Sometimes you can hear or read that “music is the universal language of mankind”. While this may sound plausible, I think it is wrong. My wanderings through different musical traditions of different times and parts of the world have taught me that there actually many different musical languages.
If you hear music from a totally different musical tradition from that you are used to, you will initially not understand much of it. You will be unable to perceive much of the structure and complexity contained in it. You might find it chaotic, monotonous, ugly, boring, strange, or strenuous. It might get on your nerves.
If you hear it again and again, you will get to know it. Bit by bit, the structures initially hidden to your perception will reveal themselves. You might not like it but you might respect it, or you might at some point start loving it. You have then learnt another language of music. As an example, listen to this:
I have selected this because I suspect that most of you don’t know it and it might seem strange and foreign to most of you. I think it is therefore a good example to make my point.
This is Yoruba music. Haruna Ishola and his Apala group. Apala (or Akpala) is a music style that originated in Nigeria, starting in the 1930 and reaching its peak in the 1950s and 1960s. Haruna Ishola was one of the main exponents of this style.
So this also is music of the 20th century. It is not a style of ”traditional music” (a dubious concept, by the way) but modern African music that was played by bands and published on records. Besides its roots in Yoruba music, there are Cuban influences (and Cuban music in turn has strong Yoruba roots). The big box lamellophone that forms part of the orchestra is of South American or Caribbean origin.
For the listener who received his musical acculturation in the context of European or American music, be it classical music, jazz or any kind of rock or pop, this music probably sounds strange and is hard to digest at first listening. The musical scale used, the dissonant (for the untrained ear) polyphony and unison singing and the melodic microstructures make for a strange experience.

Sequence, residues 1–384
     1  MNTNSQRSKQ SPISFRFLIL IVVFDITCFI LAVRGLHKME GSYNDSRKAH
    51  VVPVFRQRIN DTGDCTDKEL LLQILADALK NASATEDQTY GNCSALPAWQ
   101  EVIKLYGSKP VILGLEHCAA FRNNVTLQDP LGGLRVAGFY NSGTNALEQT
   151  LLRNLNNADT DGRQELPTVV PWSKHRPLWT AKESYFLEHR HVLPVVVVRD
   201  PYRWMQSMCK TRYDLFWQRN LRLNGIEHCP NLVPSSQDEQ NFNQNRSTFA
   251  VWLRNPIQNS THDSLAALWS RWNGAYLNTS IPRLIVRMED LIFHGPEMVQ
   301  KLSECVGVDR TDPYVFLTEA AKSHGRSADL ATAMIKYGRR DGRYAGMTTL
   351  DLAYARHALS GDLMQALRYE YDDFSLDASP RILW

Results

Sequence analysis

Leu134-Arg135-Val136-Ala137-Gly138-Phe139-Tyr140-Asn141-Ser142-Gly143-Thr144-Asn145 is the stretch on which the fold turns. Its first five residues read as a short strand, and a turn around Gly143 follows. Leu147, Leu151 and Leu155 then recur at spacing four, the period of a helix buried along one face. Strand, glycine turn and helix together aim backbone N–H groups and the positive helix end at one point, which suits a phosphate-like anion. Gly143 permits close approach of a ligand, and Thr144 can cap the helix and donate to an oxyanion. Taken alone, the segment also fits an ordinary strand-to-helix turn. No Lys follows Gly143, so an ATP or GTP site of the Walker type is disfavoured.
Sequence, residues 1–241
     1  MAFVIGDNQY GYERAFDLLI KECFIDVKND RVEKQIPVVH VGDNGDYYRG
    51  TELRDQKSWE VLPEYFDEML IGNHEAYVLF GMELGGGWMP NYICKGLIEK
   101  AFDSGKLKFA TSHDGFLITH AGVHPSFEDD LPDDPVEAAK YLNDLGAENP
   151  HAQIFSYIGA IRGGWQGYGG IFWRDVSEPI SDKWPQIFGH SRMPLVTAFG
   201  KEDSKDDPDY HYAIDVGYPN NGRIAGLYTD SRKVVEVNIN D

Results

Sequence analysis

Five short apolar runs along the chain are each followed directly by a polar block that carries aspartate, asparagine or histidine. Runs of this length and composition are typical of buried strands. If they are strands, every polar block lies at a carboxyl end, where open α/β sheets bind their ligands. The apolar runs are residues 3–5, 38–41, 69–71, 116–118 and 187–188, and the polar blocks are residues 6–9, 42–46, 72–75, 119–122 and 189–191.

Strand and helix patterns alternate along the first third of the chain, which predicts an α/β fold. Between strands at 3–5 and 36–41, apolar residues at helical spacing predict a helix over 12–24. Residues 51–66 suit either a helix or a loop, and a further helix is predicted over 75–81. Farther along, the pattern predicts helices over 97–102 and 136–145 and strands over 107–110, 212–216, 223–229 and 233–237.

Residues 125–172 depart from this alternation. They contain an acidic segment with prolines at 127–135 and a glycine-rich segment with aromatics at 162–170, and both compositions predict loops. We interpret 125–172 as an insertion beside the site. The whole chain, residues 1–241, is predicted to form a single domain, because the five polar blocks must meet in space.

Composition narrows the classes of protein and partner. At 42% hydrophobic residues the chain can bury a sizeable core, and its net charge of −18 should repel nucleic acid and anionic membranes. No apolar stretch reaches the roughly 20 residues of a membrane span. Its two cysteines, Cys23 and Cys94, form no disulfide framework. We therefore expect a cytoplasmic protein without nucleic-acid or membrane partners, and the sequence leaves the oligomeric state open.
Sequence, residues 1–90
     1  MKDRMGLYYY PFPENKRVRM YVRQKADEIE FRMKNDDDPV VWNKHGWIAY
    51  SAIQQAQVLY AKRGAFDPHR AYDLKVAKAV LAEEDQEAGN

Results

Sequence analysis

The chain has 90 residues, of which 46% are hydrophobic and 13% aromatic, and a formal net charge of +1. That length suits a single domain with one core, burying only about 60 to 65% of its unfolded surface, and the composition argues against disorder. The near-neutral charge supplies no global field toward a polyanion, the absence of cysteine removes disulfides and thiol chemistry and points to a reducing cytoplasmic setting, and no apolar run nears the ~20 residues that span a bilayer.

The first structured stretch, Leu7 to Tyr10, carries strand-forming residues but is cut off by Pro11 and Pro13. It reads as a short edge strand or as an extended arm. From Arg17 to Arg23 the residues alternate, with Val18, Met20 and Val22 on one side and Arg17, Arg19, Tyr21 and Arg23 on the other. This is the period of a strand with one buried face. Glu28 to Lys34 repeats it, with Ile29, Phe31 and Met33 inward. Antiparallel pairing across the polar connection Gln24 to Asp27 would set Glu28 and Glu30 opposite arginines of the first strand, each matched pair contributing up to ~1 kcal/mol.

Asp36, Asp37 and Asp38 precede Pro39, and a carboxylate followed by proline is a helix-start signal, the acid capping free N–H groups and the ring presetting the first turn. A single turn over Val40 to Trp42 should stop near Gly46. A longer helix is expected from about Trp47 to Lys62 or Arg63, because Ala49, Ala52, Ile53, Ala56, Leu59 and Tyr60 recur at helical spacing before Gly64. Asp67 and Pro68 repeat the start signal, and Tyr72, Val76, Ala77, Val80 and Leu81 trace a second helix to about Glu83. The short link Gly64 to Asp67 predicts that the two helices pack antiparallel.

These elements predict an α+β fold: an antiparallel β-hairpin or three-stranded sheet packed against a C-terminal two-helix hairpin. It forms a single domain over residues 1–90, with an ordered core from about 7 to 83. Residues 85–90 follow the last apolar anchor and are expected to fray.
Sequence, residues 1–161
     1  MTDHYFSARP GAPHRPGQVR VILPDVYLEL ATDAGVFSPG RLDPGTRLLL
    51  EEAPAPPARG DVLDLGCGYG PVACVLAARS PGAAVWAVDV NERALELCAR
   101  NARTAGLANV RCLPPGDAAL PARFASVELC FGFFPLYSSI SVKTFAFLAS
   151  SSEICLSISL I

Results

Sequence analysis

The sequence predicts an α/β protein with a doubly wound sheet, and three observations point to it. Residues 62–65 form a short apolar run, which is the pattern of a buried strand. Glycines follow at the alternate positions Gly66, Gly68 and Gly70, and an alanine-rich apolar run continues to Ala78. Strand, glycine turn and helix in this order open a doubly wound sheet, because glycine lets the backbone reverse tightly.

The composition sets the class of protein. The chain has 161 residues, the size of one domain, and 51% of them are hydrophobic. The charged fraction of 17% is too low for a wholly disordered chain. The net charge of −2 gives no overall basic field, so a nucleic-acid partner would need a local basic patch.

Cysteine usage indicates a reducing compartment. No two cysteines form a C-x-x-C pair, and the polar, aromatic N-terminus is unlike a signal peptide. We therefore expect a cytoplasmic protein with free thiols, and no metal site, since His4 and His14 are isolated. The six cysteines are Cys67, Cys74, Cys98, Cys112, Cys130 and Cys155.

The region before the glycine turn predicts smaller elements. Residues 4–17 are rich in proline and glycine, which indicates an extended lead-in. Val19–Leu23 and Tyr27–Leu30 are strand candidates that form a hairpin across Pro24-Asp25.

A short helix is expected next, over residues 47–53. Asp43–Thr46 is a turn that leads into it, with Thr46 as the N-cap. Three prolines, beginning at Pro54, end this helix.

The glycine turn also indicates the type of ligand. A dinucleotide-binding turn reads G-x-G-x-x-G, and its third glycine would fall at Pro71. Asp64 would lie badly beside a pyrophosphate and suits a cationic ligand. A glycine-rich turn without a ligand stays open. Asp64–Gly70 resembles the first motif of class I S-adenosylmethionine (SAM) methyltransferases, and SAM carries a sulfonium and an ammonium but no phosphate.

But listen to this again and again several times. This may be hard work, initially, like learning a foreign language is hard work, until eventually you reach a level where you can enjoy its literature or poetry.
Bit by bit, you discover the structures and rules of the music and it begins to glow, to shine and to become fascinating. Try dancing or use it as meditative music. At some point, it might carry you away. Or at least, you may develop some kind of “respect” for it even if you never like it.
We might not be able to grasp this music completely. There are aesthetic effects in it which those of us who do not understand Yoruba (which includes me) cannot grasp. Yoruba is a tonal language which means that words are distinguished not only by consonants and vowels but also by their intonation. This restricts the possible melodies that can be used with a text but opens possibilities of intertwining lyrics and melody in ways not possible in other languages (see also https://asifoscope.org/2013/01/11/kalimba-buzz/). The “talking drum” that can be heard here may actually talk, evoking text associations in the listener. And of course, there are connections between the lyrics and the cultural context of Yoruba culture that we cannot understand without knowing the language and its cultural context.
So, music is definitely not a universal language. Just as this music might be strange to you (except you are familiar with this or a similar culture) the music you are used to might be strange for somebody from that culture. The same might be the case for people who have grown up in the context of, say rock music when the listen to classical music or vice versa.
Therefore, the saying that music is a universal language seems to me a result of narrow-mindedness and cultural “centrism”.
Probably each of you has some favorite music. You might be convinced that this or that tune is the best music ever composed or the best music of the century or something like that. However, I think there is no such thing as the best music because there are so totally different styles and traditions and they extend, sort of, into different dimensions. They are not comparable.
To find out if some music is good, you have to listen to it many times to get to know its “language”. When you do this, good music becomes better if you listen to it again and again. That is the main criterion for quality. Shallow music, on the other hand, becomes boring on multiple hearing.
There is an enormous diversity of interesting music in the world. . I really recommend trying to learn to understand different “musical languages” to open up this diversity for oneself because it can greatly enrich our lives.